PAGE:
Benjamin C. Stegall laid his armor down on the tenth of June 1860, in his forty-sixth year, and bade farewell to the toils and strifes of earth, to wear the victor’s crown and enjoy that rest that remains to the people of God. Brother Stegall was a native of Jasper County, Georgia, where he embraced religion when quite a youth. He died on the same night of the week, and near the same hour in which he embraced religion, in an upper room of his father’s house. His brother, J. W. Stegall, and his brother-in-law were present on that occasion, and were present when death accomplished his work on his mortal body.
He remarked to them, a few days before his death, that the same Jesus who converted his soul, in the State of Georgia, was with him still. A friend says: “I made his acquaintance in 1847, in Ouachita Parish, where he lived and died. From that time we were intimate friends. He was one of our best men. He had a heart to weep with those that weep, and to rejoice with those that rejoice. He had a word of comfort for all that applied, and many will call him blessed in the great day of accounts. He won the esteem and confidence of all classes. He had exalted views of the Christian religion. He was an acceptable preacher.” This friend was with him during his illness, and at the closing scene, when the chill of death was upon him, he asked him if his faith was unwavering. He replied: “Certainly, Brother W., how could it be otherwise?” Thus the good man died, full of faith and hope.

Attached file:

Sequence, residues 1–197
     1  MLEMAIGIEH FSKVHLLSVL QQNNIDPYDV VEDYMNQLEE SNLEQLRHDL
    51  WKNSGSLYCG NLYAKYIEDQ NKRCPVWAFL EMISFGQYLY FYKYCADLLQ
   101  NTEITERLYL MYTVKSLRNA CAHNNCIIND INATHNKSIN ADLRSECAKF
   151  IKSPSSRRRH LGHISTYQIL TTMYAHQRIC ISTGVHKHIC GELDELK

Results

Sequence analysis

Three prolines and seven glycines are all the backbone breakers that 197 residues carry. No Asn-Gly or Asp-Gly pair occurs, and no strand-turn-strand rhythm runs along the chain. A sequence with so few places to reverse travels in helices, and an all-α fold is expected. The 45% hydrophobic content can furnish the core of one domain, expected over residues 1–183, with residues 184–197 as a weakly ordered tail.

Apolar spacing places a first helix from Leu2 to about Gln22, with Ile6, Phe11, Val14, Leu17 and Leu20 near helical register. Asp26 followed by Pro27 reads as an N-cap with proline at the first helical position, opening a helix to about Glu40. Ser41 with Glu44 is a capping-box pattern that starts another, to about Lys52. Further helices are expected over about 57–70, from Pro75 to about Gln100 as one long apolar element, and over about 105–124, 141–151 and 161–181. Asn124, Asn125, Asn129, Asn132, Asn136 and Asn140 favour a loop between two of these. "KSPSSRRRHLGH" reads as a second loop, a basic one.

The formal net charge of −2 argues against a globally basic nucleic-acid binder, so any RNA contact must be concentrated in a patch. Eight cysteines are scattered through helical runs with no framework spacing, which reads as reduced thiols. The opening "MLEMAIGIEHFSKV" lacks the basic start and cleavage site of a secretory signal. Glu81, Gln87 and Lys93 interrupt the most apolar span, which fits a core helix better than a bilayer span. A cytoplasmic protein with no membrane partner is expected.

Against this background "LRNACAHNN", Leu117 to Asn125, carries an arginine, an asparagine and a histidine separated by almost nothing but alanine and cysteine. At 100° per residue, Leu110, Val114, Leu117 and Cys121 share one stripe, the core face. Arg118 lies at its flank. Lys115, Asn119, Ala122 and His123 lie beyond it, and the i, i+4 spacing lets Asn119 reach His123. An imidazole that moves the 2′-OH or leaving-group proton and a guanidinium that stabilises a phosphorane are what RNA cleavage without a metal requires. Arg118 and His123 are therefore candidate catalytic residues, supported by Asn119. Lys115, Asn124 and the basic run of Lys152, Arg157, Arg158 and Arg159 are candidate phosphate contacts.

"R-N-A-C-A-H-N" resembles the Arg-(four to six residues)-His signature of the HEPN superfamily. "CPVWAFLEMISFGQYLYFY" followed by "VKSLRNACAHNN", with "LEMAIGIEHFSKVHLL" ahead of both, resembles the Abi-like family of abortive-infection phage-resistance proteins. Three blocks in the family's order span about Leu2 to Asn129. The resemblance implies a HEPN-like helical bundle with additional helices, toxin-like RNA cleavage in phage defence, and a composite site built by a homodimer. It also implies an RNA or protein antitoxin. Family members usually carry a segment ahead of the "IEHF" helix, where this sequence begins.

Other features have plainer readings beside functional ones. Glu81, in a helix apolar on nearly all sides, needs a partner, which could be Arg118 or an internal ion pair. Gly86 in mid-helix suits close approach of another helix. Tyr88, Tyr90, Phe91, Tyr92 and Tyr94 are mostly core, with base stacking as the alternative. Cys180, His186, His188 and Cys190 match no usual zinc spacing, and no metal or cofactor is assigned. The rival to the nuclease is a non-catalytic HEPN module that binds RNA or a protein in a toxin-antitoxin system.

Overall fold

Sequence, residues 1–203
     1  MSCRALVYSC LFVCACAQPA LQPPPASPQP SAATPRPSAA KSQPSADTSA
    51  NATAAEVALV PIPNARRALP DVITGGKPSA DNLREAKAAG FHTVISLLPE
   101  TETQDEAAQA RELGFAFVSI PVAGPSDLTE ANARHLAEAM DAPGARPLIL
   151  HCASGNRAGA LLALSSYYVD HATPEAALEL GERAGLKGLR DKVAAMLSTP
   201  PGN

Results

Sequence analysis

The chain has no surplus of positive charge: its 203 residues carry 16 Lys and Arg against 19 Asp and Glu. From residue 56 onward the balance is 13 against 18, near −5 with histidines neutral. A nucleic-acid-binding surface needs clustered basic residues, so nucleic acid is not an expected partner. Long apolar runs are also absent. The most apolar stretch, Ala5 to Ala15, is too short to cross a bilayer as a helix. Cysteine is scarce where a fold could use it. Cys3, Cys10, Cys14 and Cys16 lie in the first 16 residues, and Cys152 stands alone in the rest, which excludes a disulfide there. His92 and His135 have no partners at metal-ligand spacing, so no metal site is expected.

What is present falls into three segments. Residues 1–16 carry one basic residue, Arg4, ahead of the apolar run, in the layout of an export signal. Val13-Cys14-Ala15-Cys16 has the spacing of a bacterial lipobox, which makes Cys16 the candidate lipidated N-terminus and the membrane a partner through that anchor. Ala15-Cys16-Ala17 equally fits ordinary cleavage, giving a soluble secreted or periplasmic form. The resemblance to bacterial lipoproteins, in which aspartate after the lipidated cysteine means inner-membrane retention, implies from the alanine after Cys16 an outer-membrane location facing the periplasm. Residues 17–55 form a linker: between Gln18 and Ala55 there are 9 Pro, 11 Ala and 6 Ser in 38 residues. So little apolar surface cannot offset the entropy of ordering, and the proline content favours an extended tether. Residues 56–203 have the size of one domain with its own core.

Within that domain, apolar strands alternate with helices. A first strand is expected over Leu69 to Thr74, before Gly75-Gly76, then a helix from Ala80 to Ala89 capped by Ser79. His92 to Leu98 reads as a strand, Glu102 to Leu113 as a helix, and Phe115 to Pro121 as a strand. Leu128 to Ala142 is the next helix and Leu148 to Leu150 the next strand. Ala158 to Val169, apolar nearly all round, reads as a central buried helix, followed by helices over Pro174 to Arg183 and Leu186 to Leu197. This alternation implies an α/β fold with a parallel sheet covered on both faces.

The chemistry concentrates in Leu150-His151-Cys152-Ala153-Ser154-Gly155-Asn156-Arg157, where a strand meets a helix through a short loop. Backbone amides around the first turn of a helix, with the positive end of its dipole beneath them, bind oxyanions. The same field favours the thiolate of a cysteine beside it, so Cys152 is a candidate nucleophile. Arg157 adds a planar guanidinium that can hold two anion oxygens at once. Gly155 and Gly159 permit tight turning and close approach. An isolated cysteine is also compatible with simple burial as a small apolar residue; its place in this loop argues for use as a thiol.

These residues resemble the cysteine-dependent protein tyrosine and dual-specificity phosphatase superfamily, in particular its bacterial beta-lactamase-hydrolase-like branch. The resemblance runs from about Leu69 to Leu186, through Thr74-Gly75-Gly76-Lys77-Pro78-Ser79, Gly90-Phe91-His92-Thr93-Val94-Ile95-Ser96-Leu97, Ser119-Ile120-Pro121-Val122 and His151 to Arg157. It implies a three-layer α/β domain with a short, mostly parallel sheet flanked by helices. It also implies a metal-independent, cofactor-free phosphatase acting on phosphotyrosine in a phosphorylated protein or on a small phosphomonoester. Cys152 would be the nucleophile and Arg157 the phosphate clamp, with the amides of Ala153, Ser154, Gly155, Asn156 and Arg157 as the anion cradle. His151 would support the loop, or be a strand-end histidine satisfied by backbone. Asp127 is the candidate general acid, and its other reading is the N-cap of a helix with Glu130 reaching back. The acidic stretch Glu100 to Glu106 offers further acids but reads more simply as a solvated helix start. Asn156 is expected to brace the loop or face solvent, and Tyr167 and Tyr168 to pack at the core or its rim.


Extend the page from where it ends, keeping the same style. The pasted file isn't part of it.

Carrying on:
Brother Stegall joined the traveling connection in the Mississippi Conference about the year 1837, traveling some six or seven years, and located for a season. He was readmitted in the Louisiana Conference in 1855, and has been traveling ever since. At the time of his death he sustained a supernumerary relation.
|Source: Journal Louisiana Conference Methodist Episcopal Church, South, 1860|